Mike gets creative with flavor combinations. He mentioned he would be making a batch of peanut butter honey tomorrow. Maybe this was his subtle way of getting some quick repeat business.

For sit-down atmosphere, I may still opt for my guaranteed availability of maple walnut at Bischoff’s. If I’m open to any other flavor and need a quick fix, I’m heading to Hackensack. Mike’s place has a few iron tables and seats on the sidewalk, but they’re facing a construction site on the other side of Main. I will give him major points, though, for the music being piped outdoors – some Nat King Cole, Bennie Goodman, Louis Armstrong.







Don’t Leave the East Coast if You Love Italian Food

You don’t know what you got ‘til it’s gone (enter the 80s Cinderella song in the background). This adage has recently come to light regarding New Jersey’s and the Metro Area’s quality of food and abundance of, particularly, what we call Italian food.


In the past couple of months, we have had friends visit from out of state – Texas, Oklahoma, California, Florida. Some were first-timers; some were original New Jerseyans who were wooed across the border for one reason or another. For the friends who left this state to avoid wearing gloves and scarves, they blissfully sat with us at Bocconi in Hackensack awaiting their simple dishes of linguini and red clam sauce and zuppa di pesce. The smiles overtook the room. While I thought it was partially our company, the confession came: “You can’t get good red sauce in California! Boy, do I miss this.” Who knew the combination of Jersey tomatoes and Italian-American cooks had such an impact on a New Jersey native’s taste buds?


OTTO 005In another instance, we ventured to New York City for a last minute invite on Fourth of July to meet with friends visiting from Oklahoma. We suggested Lupa. I offered to order the prosciutto for everyone to share. The woman with us asked, “What is prosciutto?” I nearly giggled, but politely assumed that she just never tried it growing up. Her husband, who has been to the East Coast, said, “You don’t understand. We can’t get prosciutto in Oklahoma or Texas.” Not that I eat it often, but I couldn’t wrap my brain around the concept of not having the ability to have it when the craving came on. He admitted mostly everything was barbecued foods. Oh those sadly deprived people. They quickly understood what they had (in NJ) and that it would be gone as soon as they left.


Blind Pig Logo 006Our plans for the Floridian, original Jerseyan, involved a walk through Harriman State Park, just over the North Jersey border, after we were barraged with complaints of the lack of properly cooked pizza in the sunshine state. The plan was to rescue his long-lost memory of crispy, thin-crust Jersey pizza by stopping for an early dinner at the ever-popular Kinchley’s in Ramsey.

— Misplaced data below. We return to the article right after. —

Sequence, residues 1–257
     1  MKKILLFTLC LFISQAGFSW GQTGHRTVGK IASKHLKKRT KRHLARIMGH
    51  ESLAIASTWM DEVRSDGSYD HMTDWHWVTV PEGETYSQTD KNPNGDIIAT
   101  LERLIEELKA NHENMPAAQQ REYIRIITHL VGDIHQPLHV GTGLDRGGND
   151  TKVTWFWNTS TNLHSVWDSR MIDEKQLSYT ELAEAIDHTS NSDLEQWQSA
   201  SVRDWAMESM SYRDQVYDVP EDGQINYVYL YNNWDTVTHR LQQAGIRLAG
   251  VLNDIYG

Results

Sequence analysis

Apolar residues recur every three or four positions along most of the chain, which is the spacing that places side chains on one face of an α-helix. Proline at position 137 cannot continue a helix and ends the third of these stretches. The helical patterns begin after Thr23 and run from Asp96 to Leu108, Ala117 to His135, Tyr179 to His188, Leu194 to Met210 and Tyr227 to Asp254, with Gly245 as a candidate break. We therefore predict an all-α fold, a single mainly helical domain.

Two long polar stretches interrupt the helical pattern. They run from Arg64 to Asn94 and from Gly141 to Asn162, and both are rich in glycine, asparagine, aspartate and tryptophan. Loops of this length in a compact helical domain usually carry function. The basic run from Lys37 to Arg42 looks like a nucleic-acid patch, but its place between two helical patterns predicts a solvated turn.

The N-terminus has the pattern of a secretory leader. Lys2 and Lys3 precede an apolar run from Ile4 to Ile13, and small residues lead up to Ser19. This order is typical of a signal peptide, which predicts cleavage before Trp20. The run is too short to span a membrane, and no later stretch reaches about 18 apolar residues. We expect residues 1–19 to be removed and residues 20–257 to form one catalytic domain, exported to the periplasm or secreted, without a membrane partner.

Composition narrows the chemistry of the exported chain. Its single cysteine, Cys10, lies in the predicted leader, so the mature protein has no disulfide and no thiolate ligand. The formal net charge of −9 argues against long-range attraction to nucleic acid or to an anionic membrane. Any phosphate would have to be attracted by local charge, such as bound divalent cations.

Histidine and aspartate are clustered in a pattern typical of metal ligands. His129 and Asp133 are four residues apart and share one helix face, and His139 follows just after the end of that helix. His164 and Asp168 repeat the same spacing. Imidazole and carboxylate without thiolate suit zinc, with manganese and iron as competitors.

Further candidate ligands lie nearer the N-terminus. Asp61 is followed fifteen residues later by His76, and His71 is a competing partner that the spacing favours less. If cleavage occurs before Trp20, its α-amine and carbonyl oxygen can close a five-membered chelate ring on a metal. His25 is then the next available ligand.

A phone conversation with a business associate in Southern California ended with a joke’s punch line being Italian ices. There was silence. He said, “I don’t get it. What is that?” I explained, and the response was: “Oh, we have Hawaiian shaved ice.” I proudly said in disgust, “That’s not the same. Our ice is smooth and blended; yours is hard and crystallized with dye poured on top. Who wants to see that process?”


228409_1023274422337_2524_nOn any given night if I want to go out for Italian food in Northern NJ, I can easily head to Good Fellas in Garfield, Luka’s in Bogota, Sergio’s Missione in Lodi, and of course, Bocconi in Hackensack. You may have 75-degree sunny weather you transplants, but just remember what it was like to be able to get a fresh Italian meal or a slice of non-grease-dripping pizza within a mile of your house any day you desire! And there’s further proof – when we were in Venice, Italy, we had lunch in a restaurant off the beaten path, and Sammy Hagar and his family were the only others eating there. After a brief conversation, Sammy said to us, “You guys have better Italian food in New Jersey than this place. It rocks!”


Back to Bocconi again and again*

It’s a typical Friday evening, heading home from work. I make the anticipatory and, at the same time, dreaded phone call: “Where do you want to have dinner?” There’s always an attempt to suggest restaurants to which we haven’t been locally, but at the end of the work week, comfort always seems to win. While many aspects of my life are regimented, I like my food and travel to be multifarious. So when the answer from either one of us is ultimately, “Let’s just go to Bocconi,” there’s an air of ambivalence.

We try to fight that response, but deep down, both of us know that our mouths and stomachs will end up

Pear Salad with endive, radicchio and a balsamic reduction

Pear Salad with endive, radicchio and a balsamic reduction

much more than satisfied and our pockets won’t be heavily emptied, which weighs greatly in the dining decision for many people. In order to reject the repetition in some fashion, I insist on ordering something different each time. Could it be some sort of nefarious attempt to sabotage my will to return so quickly? Am I hoping that the next dish just might not be that good or that Chef Mario will have an “off” night? Maybe it’s more because there are numerous specials that consistently have been winners, and I have yet to try them all.


Veal Milanese

Perusing the menu, I’m perplexed that I had always overlooked the veal milanese, topped with an arugala and cherry tomato salad. The fear of non-tender veal must have always blinded the item from me. I can’t believe what I was missing, especially after my eyebrow raised and furrowed when told that the breading is made from chopped pretzel. I resolved it might be unusual, unconventional, and not as pleasing as my preconceived image of a wiener schnitzel breading. I sat corrected and embarrassed for pre-judging and not having confidence in such a consistent chef. After all, I thought, this isn’t Bouley or Le Bernardin where alteration from tradition is demanded. Tender was the veal!

I admit, we have betrayed Owner/Host Frank on many Friday nights, but most times, when we solicit such an inexpensive harlot that Yelp reviewers speak so highly of, we’re the ones who leave feeling cheated – our desirous tastebuds left unfulfilled. The adage goes “you get what you pay for”, but that’s why we love Bocconi. It breaks the expression because you get more than what you pay for in quality, quantity and a wealth of hospitality. Shhh, don’t tell them.

Save room for the bananas flambé. The tableside prep fascinates the young and not-so-young alike.


* My addendum to previous post More Than a Bite at Bocconi.